American newspapers scored a tremendous victory Wednesday morning when the U.S. International Trade Commission (ITC) rejected tariffs imposed by the U.S. Commerce Department on imported Canadian newsprint.

Last year, a petition filed by North Pacific Paper Company (NORPAC), a paper mill located in Longview, Wash., which is owned by a New York hedge fund, spurred the Commerce Department to impose the tariffs. NORPAC and alleged that Canadian newsprint competitors took advantage of government subsidies to sell their product at unfairly low prices. 

Earlier this month, the Commerce Department lowered the tariffs, and Wednesday, following an extensive investigation, the ITC unanimously ruled that the U.S. paper industry was not harmed or threatened by the Canadian imports.

No other American paper mill supported the NORPAC petition.

“The unanimous rejection of these tariffs by the ITC is clearly a case of common sense prevailing,” said Letti Lister, publisher of the Black Hills Pioneer. “We didn’t just sit back and take this. We fought hard to educate the public and our political representatives about how these unwarranted tariffs were going to threaten the very existence of rural newspapers, and threaten thousands of jobs in the paper and printing industries.”

South Dakota’s Congressional delegation understood the danger of the tariffs to the newspaper industry and supported the call to end them. Sens. John Thune and Mike Rounds both co-sponsored S. 2835, the  Protecting Rational Incentives in Newsprint Trade (PRINT) Act of 2018, and Rep. Kristi Noem introduced H.R. 6031 – “Protecting Rational Incentives in Newsprint Trade Act of 2018” or “PRINT Act.”

Since the tariffs were rolled out in January, hometown newspapers, including many in South Dakota, have seen a nearly 30 percent increase in newsprint costs, Noem said.

“Local newspapers document the heartbeat of small town South Dakota, but unnecessary newsprint tariffs have threatened their survival,” Noem said. “Getting these tariffs nullified was an important and hard-fought victory for more than 125 local newspapers in South Dakota, whose reporting strengthens our sense of community and connection.”  

“This is great news and a big win for newspapers across South Dakota and the rest of the country. I was glad to join Sen. Rounds and Rep. Noem in directly requesting the ITC make this decision,” Thune said.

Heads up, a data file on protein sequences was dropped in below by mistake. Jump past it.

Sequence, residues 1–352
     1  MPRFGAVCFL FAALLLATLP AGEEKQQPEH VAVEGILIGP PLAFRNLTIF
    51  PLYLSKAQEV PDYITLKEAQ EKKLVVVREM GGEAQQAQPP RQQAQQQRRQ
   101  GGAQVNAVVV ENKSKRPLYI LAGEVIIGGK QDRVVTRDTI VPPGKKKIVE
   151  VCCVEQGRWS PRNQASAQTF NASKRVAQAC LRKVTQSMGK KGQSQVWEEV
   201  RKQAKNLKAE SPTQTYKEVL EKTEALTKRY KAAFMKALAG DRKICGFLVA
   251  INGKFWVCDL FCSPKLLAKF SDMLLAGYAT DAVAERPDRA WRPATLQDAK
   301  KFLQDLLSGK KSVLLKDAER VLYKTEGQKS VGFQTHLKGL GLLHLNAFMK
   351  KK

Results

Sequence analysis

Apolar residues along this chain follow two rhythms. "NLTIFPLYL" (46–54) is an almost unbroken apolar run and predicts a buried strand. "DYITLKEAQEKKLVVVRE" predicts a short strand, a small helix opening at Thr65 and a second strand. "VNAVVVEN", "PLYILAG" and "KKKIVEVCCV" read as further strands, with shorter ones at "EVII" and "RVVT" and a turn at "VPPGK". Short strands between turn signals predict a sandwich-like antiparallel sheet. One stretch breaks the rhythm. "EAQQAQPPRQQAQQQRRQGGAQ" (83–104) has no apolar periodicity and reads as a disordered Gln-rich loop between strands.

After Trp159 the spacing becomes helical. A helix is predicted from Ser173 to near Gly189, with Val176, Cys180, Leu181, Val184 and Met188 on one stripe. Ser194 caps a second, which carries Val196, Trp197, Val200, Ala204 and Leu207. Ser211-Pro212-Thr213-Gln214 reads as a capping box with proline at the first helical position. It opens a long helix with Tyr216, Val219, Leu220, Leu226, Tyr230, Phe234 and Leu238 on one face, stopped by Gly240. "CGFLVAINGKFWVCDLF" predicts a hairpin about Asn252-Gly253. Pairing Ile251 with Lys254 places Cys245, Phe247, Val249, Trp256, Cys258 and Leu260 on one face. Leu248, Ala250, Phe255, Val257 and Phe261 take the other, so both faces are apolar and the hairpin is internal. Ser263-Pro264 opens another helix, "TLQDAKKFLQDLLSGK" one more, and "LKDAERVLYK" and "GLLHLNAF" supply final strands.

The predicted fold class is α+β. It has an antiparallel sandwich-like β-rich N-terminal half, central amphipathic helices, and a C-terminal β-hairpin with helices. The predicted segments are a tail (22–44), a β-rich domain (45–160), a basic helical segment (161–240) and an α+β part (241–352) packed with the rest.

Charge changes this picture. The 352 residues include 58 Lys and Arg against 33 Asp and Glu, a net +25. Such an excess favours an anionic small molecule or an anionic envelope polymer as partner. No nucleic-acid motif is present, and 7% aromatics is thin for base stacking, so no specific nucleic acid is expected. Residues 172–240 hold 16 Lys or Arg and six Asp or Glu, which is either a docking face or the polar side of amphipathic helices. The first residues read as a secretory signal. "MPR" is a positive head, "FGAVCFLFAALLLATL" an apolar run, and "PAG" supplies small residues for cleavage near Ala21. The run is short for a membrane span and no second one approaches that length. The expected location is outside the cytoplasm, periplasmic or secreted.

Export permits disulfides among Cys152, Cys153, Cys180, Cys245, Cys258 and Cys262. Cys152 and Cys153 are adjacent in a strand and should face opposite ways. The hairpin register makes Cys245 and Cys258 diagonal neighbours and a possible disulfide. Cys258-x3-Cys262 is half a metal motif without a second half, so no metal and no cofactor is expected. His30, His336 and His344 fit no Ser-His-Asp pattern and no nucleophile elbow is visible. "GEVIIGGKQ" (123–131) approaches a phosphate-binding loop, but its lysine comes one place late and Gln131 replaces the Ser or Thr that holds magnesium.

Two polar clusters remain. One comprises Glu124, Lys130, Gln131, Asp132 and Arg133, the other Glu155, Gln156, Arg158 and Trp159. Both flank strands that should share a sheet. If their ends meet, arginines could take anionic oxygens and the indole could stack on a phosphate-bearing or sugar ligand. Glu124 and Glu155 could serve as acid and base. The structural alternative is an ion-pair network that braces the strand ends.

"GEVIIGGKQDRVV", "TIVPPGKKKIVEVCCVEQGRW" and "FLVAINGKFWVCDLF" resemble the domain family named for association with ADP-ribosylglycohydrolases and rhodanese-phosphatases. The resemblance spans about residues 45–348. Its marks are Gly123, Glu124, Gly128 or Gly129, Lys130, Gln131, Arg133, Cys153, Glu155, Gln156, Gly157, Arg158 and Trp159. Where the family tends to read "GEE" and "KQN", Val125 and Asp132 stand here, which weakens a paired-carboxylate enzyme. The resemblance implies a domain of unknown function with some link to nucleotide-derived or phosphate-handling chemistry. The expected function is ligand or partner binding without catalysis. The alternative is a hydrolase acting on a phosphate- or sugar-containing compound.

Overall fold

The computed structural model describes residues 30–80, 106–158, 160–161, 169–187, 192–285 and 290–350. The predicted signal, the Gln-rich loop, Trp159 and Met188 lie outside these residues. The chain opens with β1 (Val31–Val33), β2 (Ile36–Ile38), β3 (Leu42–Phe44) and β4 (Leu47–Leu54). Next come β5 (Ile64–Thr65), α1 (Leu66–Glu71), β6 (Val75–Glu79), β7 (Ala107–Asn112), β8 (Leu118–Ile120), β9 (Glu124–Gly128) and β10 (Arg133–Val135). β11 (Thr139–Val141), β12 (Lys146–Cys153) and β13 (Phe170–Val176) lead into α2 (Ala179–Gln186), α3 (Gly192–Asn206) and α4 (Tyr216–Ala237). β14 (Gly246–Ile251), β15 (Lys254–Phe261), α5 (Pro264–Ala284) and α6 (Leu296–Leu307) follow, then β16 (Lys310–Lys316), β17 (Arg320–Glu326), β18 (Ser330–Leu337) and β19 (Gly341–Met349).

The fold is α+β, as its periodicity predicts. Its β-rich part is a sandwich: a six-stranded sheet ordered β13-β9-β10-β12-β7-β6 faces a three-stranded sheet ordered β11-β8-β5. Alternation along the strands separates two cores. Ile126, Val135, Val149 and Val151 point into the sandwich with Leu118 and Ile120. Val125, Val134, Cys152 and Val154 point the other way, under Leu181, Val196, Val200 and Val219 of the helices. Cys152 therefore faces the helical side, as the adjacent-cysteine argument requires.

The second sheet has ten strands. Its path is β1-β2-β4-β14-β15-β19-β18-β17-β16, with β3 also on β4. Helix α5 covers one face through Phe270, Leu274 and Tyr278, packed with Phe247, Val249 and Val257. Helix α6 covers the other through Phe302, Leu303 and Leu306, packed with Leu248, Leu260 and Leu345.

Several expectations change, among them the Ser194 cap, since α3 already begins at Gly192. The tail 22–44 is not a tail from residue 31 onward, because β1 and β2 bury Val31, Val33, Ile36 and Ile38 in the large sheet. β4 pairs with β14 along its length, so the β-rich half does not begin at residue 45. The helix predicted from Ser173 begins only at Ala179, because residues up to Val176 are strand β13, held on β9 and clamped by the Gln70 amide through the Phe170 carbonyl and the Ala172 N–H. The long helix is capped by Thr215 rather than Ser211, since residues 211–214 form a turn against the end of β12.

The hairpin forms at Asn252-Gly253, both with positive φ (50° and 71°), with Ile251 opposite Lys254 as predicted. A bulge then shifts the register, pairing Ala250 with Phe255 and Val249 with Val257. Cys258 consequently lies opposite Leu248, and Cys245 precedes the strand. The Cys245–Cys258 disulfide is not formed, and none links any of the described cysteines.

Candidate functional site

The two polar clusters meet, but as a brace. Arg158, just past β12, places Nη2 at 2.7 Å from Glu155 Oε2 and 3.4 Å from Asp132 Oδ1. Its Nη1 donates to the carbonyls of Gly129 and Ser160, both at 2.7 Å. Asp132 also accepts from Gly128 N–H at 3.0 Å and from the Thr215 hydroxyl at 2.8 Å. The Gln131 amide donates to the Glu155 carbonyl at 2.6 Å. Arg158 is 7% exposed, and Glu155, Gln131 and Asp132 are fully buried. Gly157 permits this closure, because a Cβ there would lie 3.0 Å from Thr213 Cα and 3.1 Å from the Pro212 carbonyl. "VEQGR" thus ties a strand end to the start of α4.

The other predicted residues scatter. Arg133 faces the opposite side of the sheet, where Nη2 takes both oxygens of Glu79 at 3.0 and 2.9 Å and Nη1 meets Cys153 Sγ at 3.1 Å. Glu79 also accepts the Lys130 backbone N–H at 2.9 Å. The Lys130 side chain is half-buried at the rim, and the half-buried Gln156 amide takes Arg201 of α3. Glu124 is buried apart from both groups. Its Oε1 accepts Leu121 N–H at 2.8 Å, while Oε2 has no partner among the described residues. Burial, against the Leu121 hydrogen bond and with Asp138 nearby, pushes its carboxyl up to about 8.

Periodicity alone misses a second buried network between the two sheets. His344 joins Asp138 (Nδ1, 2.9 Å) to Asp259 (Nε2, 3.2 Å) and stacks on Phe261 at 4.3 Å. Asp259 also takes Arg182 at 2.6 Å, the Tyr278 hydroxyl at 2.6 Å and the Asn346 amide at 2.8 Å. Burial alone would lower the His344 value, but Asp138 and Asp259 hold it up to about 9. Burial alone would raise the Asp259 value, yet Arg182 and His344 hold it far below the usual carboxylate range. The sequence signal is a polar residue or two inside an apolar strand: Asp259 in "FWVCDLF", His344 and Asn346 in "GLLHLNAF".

“We support the ITC’s decision to block tariffs on newsprint imported from Canada, which many of South Dakota’s local newspapers rely on to print their publications,” said Rounds. “These tariffs would have dramatically increased the cost of printing newspapers, having a significant impact on our rural newspapers in particular. I thank the South Dakota Newspaper Association (SDNA) and the many daily and weekly papers in South Dakota for their advocacy on this issue. Our local newspapers play an important role in keeping the citizens of our communities connected with one another.”

Lister said that she would prefer to purchase newsprint from an American company; however, it is not a geographical option as there are no paper mills in the region.

Newsprint is the second largest cost for newspapers, behind staff.

The newsprint tariffs added approximately $6,000 per load of paper which equates to $90,000 a year, at the Black Hills Pioneer alone.

"Today is a great day for American journalism. The ITC’s decision will help to preserve the vitality of local newspapers and prevent additional job losses in the printing and publishing sectors,” said David Chavern, president and CEO of News Media Alliance. “The end of these unwarranted tariffs means local newspapers can focus once again on playing a vital role in our democracy by keeping citizens informed and connected to the daily life of their communities.”

According to Stop Tariffs on Printers & Publishers (STOPP), a coalition of printers, publishers, retailers, paper suppliers, and distributors, the tariffs threatened 600,000 American jobs. The coalition gathered the signatures of more than 11,000 people opposing the tariffs, and about 150 members of Congress expressed opposition to the tariffs with letters to key Administration officials, testimony delivered before the ITC, or co-sponsorship of legislation in the House and Senate.

“I just want to thank everyone that has spoken out on our behalf. Our staff, subscribers, advertisers, fellow publishers, David Bordewyk at SDNA, and fellow journalists in radio and TV helped us spread the word,” Lister said. “In addition, our Congressional delegation of Sen. Rounds, Sen. Thune, and Rep. Noem actively advocated on our behalf and helped guide us through this process. On a national level, so many people actively battled this through STOPP and other organizations. This was a solid team effort through and through.

“In the end this benefits our readers and every citizen that believes in the value of a robust free press, presented in the format of choice — PRINT,” she added.

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